About this Recording
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‘Tootin’ Through The Roof’ Original Recordings 1939-1940


As pianist, composer, arranger and bandleader, Duke Ellington’s accomplishments throughout his 49 years (1925-74) as the head of his orchestra are enormous.  One of his greatest feats was his ability to hire sidemen with unique tones and styles and somehow blend them together to form a unified ensemble sound.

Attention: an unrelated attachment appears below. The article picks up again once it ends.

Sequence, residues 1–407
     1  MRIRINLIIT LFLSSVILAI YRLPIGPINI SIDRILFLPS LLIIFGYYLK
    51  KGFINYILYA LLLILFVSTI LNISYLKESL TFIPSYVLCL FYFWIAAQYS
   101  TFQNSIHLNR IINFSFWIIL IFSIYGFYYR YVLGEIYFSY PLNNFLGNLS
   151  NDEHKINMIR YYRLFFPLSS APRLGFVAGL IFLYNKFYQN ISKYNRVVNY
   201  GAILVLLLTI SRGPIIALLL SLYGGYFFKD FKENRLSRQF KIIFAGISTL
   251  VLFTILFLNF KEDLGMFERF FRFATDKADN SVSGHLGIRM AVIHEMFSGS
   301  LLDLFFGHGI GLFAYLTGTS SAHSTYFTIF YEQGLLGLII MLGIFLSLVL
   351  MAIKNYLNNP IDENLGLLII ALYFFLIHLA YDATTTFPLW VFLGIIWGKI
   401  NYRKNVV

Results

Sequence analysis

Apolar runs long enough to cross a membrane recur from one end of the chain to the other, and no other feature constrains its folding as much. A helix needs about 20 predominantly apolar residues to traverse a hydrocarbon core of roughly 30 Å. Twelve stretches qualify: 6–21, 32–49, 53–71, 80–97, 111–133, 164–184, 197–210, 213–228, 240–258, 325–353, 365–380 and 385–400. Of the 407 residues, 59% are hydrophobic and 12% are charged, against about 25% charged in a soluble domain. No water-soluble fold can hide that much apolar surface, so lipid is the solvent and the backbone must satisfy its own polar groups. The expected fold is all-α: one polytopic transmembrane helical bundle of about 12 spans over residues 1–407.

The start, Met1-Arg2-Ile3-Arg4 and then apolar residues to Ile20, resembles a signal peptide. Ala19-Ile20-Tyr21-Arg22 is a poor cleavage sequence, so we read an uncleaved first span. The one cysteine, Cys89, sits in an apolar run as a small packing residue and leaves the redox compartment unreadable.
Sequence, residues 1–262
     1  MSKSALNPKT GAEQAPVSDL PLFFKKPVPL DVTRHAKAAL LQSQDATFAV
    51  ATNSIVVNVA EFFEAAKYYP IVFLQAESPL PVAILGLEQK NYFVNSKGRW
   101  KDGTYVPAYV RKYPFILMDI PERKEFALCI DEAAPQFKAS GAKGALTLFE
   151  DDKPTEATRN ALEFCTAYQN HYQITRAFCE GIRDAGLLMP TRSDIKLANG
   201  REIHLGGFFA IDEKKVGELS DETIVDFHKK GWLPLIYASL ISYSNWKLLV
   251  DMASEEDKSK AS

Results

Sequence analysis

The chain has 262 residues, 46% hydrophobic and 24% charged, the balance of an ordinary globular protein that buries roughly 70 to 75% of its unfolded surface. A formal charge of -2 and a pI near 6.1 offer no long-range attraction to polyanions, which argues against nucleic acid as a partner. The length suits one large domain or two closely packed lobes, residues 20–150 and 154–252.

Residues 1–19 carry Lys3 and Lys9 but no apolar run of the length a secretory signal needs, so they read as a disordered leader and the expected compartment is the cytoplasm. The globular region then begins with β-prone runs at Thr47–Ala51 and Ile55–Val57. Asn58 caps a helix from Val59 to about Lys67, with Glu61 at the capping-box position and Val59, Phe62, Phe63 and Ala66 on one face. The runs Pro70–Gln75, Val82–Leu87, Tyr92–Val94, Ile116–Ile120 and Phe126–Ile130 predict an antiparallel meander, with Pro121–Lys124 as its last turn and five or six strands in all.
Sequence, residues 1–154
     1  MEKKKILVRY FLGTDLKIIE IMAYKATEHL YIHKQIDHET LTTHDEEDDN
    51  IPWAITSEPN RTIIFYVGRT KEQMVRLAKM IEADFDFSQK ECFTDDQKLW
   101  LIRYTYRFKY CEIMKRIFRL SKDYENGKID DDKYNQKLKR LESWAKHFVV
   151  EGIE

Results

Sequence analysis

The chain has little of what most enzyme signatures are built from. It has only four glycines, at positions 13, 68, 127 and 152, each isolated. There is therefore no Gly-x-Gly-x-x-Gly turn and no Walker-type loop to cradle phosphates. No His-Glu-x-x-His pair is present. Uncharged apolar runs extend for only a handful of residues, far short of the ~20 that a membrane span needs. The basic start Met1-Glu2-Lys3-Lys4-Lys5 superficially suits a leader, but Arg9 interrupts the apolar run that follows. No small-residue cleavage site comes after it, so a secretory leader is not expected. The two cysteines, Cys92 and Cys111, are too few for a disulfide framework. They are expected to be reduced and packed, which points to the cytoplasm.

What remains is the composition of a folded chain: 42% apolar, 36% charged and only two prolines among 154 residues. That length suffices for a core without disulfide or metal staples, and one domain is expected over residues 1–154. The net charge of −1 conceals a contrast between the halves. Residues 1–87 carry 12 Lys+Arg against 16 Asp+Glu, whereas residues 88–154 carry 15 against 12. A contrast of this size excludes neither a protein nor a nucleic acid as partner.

The band he had in 1939 is a good example of this talent at work.  Most big bands of the swing era had at the most three or four top soloists, usually a trumpeter, a trombonist and perhaps two saxophonists.  Ellington had eight.  Of the six non-soloists, Wallace Jones was used as a lead trumpeter, valve trombonist Juan Tizol was valuable in the ensembles, altoist Otto Hardwick was in the band more for sentimental than musical reasons (since he was an original member of Ellington’s Washingtonians in the mid-1920s) as was the largely inaudible rhythm guitarist Fred Guy, Billy Taylor was a fine ensemble bassist and drummer Sonny Greer was an underrated timekeeper who added colour to the band.  In other orchestras they would be among the stars but Ellington also had eight very original voices to feature.